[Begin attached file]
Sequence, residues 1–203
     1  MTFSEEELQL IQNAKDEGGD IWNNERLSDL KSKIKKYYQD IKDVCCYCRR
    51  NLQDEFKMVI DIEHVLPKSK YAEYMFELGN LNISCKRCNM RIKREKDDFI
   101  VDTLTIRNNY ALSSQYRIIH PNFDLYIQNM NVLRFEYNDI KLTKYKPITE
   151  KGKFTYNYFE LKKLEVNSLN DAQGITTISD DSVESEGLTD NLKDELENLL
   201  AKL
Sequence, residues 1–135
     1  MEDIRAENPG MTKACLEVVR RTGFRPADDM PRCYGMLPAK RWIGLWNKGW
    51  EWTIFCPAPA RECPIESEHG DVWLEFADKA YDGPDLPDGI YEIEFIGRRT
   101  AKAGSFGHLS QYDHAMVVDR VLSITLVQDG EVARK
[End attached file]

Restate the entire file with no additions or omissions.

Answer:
Sequence, residues 1–203
     1  MTFSEEELQL IQNAKDEGGD IWNNERLSDL KSKIKKYYQD IKDVCCYCRR
    51  NLQDEFKMVI DIEHVLPKSK YAEYMFELGN LNISCKRCNM RIKREKDDFI
   101  VDTLTIRNNY ALSSQYRIIH PNFDLYIQNM NVLRFEYNDI KLTKYKPITE
   151  KGKFTYNYFE LKKLEVNSLN DAQGITTISD DSVESEGLTD NLKDELENLL
   201  AKL
Sequence, residues 1–135
     1  MEDIRAENPG MTKACLEVVR RTGFRPADDM PRCYGMLPAK RWIGLWNKGW
    51  EWTIFCPAPA RECPIESEHG DVWLEFADKA YDGPDLPDGI YEIEFIGRRT
   101  AKAGSFGHLS QYDHAMVVDR VLSITLVQDG EVARK